The recent hardline statements from the Han rulers of Tibet expressing concern over the situation in Tibet and their determination to crush the so-called splittist movement is a reflection of their nervousness. This nervousness is the result of their inability to understand what has been going on in the Tibetan areas of China and to crush the post-2008 Tibetan emulation of Mahatma Gandhi’s non-violent strategic resistance movement called the Satyagraha meaning the struggle for the truth.
The Chinese managed to crush the violent uprising of 2008, but they have not been able to crush the Tibetan yearning for freedom. They have not been able to eradicate the Tibetan love for His Holiness the Dalai Lama and their devotion to their Buddhist religion. They have not been able to destroy the Tibetan pride in their identity.
The Tibetans--particularly the GenNext-- realised that a better way of asserting their pride and independence and keeping alive their hopes for the end of what they consider as the Han colonisation of Tibet would be to emulate Mahatma Gandhi’s non-violent struggle against the British colonial regime in India.
Thus was born the Lhakar movement. Lhakar means White Wednesday-- a day associated, in their eyes, with the soul of His Holiness the Dalai Lama. Every Wednesday, thousands of Tibetans--men, women and children-- are meeting in their villages and towns to take the following pledges:
I am Tibetan. This is my national flag.
I am Tibetan. I wear Chupa (Tibetan dress).
I am Tibetan. I eat dried cheese.
I am Tibetan. I work for Tibetan Struggle.
I am Tibetan. I eat Tsampa (Tibetan staple food).
I am Tibetan. I drink Tibetan salted butter tea.
I am Tibetan. I speak Tibetan.
I am Tibetan. My parents are Tibetan. My leader is His Holiness the Dalai Lama.
I am Tibetan. I am a disciple of His Holiness.
I am Tibetan. My father is a Tibetan.
I am Tibetan. Tibetan blood flows in my body.
I am Tibetan. I will continue to work for Tibet's Struggle.
I am Tibetan. I am proud of being Tibetan.
I am Tibetan. I am Thangka painter and an activist for Tibet's Independence.
They express their determination to preserve their Tibetan identity and their refusal to be assimilated into the Han culture and identity. Eat Tibetan, Speak Tibetan, Dress Tibetan, Think Tibetan, Live Tibetan, Die Tibetan-- that is their motto.
The Tibetans themselves describe the Lhakar movement as follows:
“ Lhakar is a homegrown, Tibetan self-reliance movement that started in the aftermath of the 2008 uprising. In spite of China’s intensified crackdown, Tibetans have embraced the power of strategic nonviolent resistance. Every Wednesday, a growing number of Tibetans are making special effort to wear traditional clothes, speak Tibetan, eat in Tibetan restaurants and buy from Tibetan-owned businesses. They channel their spirit of resistance into social, cultural and economic activities that are self-constructive (promoting Tibetan language, culture and identity) and non-cooperative (refusing to support Chinese institutions and businesses).”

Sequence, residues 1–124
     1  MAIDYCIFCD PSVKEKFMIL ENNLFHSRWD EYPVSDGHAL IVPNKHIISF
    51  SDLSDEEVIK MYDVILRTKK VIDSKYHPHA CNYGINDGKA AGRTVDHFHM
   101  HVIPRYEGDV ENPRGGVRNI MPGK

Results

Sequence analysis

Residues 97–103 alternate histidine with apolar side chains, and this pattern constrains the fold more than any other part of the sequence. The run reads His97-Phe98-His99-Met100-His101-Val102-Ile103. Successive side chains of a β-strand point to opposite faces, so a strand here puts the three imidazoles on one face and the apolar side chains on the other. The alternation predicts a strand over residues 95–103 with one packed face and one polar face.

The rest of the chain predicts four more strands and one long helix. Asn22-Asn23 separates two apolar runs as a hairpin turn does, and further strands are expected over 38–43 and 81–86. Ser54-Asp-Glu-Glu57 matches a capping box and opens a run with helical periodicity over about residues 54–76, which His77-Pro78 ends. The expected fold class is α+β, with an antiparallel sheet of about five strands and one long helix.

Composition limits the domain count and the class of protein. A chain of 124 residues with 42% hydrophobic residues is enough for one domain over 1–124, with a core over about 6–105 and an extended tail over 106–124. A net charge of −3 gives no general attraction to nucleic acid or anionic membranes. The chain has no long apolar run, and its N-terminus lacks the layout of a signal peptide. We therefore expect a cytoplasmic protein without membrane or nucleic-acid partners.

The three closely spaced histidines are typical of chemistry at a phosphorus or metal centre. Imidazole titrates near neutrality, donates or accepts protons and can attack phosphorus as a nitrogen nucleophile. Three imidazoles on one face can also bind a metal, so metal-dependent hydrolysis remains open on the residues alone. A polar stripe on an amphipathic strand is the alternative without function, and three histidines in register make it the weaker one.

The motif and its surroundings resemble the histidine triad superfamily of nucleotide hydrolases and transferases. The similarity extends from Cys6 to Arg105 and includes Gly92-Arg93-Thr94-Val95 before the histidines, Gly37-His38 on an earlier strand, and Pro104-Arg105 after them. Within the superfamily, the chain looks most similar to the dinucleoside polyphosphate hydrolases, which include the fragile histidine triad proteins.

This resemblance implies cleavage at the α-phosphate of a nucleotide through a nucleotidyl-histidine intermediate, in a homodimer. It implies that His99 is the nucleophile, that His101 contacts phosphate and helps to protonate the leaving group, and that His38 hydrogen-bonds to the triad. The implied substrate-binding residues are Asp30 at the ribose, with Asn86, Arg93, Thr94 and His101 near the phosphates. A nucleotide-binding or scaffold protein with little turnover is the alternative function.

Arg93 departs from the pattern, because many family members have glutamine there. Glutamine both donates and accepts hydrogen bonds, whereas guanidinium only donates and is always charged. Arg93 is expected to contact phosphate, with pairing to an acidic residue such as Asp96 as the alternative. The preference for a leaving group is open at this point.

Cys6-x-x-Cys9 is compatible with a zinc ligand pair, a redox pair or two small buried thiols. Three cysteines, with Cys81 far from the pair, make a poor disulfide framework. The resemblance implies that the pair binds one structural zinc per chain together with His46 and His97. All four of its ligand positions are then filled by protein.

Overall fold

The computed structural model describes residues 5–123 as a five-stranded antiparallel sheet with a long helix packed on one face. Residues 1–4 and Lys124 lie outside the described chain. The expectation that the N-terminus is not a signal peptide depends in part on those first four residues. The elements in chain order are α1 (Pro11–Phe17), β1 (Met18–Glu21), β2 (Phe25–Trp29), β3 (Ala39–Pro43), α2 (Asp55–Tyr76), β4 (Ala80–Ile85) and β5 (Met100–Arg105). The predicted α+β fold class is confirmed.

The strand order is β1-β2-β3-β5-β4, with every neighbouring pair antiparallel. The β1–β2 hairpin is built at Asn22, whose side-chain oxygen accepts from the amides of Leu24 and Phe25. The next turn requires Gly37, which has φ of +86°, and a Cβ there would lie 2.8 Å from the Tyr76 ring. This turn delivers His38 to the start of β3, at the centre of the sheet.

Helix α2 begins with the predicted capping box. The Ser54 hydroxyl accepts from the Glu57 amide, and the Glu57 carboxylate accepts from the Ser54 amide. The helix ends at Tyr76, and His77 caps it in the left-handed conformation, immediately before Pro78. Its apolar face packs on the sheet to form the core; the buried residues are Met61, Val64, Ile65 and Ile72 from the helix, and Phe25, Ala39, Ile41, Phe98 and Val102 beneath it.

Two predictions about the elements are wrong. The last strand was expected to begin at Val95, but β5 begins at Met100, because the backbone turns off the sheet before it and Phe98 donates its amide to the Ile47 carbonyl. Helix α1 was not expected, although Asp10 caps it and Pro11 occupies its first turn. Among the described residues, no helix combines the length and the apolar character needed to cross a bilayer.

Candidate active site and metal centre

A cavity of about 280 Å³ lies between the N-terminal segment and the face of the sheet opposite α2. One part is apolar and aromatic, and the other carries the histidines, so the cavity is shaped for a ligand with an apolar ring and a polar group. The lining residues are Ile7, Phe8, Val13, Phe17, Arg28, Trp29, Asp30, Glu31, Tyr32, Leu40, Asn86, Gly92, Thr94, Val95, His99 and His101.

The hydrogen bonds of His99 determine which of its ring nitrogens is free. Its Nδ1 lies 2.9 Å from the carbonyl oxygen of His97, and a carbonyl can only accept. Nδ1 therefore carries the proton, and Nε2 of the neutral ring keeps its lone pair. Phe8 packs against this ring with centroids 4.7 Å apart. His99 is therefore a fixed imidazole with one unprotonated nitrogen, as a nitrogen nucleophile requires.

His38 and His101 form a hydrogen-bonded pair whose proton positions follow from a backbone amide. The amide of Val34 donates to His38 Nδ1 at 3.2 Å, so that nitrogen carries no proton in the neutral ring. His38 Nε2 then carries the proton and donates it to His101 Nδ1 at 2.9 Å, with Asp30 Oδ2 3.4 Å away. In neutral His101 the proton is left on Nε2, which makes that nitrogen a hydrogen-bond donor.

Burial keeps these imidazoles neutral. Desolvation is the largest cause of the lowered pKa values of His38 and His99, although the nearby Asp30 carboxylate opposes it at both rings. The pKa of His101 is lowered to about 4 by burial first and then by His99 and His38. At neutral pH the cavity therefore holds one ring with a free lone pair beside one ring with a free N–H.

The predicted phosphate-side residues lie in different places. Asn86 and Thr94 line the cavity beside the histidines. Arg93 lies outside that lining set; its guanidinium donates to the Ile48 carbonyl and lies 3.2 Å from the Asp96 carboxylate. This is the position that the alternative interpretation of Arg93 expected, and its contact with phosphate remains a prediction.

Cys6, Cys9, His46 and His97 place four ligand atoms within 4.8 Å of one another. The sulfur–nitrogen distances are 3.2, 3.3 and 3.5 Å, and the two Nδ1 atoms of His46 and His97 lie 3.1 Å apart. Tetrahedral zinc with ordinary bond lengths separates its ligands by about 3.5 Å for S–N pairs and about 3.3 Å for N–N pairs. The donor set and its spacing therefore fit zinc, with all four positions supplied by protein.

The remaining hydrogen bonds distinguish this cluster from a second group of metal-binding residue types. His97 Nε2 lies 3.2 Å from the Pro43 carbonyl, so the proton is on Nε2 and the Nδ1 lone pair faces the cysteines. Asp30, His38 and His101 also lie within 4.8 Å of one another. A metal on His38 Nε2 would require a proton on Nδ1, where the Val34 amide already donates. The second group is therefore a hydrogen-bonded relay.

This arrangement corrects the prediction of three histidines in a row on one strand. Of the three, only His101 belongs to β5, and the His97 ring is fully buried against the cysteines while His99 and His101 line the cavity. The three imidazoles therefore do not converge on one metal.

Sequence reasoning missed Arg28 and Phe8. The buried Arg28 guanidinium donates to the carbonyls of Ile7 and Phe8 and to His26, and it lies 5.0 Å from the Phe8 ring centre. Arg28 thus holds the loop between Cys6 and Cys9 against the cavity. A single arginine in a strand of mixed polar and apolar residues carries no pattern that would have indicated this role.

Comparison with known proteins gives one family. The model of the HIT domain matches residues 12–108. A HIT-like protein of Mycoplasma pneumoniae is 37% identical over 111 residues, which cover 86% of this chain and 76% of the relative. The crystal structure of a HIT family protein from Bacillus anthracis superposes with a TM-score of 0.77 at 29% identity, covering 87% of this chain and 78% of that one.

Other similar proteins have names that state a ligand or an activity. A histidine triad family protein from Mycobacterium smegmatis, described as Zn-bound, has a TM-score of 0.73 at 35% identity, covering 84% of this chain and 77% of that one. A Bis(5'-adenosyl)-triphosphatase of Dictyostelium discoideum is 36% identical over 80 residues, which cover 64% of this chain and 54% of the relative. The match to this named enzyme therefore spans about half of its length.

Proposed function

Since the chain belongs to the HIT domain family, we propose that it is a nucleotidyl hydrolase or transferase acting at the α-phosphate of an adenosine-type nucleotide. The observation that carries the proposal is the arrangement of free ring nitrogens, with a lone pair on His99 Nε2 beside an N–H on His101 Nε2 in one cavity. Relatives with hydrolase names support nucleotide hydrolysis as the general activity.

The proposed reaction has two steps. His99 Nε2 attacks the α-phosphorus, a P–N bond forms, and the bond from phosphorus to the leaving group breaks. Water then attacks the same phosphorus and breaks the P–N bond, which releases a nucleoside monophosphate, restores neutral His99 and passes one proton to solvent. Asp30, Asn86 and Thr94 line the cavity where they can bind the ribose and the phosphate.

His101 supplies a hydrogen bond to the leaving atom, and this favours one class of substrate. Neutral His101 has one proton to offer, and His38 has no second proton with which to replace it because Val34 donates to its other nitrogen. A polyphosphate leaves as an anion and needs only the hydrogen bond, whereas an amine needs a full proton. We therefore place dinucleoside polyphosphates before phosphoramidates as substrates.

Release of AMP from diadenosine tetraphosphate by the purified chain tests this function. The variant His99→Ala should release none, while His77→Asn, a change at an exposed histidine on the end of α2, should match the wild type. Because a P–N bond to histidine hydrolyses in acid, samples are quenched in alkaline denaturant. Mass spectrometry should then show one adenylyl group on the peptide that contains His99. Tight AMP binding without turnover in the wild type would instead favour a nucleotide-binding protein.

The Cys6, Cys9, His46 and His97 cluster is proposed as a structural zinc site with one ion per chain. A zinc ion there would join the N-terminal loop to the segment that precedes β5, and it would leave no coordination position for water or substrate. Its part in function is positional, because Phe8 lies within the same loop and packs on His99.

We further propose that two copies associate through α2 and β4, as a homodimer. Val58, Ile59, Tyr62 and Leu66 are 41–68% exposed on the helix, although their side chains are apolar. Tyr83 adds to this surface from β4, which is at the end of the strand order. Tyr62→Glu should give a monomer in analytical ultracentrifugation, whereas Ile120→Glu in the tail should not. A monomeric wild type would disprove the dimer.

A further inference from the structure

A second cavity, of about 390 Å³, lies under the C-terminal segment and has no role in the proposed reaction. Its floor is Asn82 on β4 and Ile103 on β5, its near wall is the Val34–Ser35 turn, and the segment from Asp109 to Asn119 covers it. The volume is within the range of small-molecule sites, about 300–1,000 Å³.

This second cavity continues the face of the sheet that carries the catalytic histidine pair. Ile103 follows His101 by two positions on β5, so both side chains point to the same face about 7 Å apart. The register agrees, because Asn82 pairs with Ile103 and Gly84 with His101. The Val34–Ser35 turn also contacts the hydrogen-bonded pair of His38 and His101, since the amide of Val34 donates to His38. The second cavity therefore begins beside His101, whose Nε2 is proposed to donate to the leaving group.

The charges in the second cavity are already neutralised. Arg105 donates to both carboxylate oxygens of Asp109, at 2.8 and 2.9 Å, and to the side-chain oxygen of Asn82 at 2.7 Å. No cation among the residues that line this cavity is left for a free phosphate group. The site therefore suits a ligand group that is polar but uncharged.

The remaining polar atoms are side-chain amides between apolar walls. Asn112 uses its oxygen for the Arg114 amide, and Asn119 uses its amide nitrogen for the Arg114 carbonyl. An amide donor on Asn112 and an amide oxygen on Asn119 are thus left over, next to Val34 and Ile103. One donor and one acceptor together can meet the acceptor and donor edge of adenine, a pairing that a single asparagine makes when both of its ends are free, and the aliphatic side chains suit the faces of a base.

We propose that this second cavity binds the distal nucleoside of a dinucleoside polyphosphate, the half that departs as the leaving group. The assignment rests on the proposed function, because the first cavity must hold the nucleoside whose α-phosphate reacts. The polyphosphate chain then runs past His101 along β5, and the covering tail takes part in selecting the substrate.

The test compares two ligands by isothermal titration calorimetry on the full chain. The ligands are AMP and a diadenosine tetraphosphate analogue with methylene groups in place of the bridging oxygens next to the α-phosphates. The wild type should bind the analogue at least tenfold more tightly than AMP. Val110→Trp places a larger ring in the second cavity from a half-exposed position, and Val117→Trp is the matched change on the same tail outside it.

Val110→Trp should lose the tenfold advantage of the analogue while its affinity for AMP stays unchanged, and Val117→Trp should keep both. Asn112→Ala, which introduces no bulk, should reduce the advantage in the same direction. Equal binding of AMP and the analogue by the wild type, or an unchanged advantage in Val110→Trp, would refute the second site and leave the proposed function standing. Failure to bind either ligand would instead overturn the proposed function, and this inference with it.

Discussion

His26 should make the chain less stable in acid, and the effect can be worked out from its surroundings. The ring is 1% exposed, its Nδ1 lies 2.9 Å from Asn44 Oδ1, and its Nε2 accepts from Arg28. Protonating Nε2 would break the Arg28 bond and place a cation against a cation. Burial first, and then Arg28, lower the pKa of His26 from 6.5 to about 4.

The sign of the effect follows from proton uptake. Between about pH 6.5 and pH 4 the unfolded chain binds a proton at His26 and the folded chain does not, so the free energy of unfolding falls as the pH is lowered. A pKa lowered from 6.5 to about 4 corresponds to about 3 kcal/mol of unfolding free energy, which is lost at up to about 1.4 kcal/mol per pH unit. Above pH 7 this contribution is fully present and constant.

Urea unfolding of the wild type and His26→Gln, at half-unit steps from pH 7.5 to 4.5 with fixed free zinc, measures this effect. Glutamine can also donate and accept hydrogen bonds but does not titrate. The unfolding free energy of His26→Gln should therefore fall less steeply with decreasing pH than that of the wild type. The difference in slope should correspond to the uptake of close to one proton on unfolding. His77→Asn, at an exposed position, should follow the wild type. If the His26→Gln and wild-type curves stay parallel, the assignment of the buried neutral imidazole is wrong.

The Lhakar movement has unnerved the Chinese. They do not know how to stop its spread. The resistance movement has taken other forms too-- self-immolation by Tibetan monks-- since March last year, there have been 24 self-immolation attempts, of which 22 ended in fatalities-- insistence on keeping the pictures of His Holiness in the monasteries, refusal to fly the Chinese flag and exhibit the pictures of Chinese leaders in the monasteries, refusal to observe the Chinese New Year’s Day, refusal by monks to perform their religious duties in monasteries in which Chinese security forces are posted, refusal to attend the so-called re-education camps organised by the Chinese Government and party authorities.
The Chinese have sent reinforcements of their security forces to the Tibetan areas and cut off all Net connections. Despite this, the movement is showing no signs of abating. On the contrary, it is gathering strength.
Gandhiji’s non-violent struggle finally succeeded against the British and forced them to quit India. Will the Tibetan non-violent struggle succeed against the Han Chinese? The Han Chinese are more ruthless than the British. The Tibetans would need the moral support of the international community--particularly India-- to keep their struggle alive and triumph finally. Even if considerations of Realpolitik prevent the government of India from extending moral support to the Tibetans, Indian public opinion should not let them down. They are emulating our own freedom struggle. They are following in the footsteps of our own legendary leaders who fought against the British. The Indian public opinion has a moral obligation to empathise with the Tibetan satyagraha and support it morally.
B. Raman is Additional Secretary (retd), Cabinet Secretariat, Govt. of India, New Delhi, and, presently, Director, Institute For Topical Studies, Chennai, and Associate of the Chennai Centre For China Studies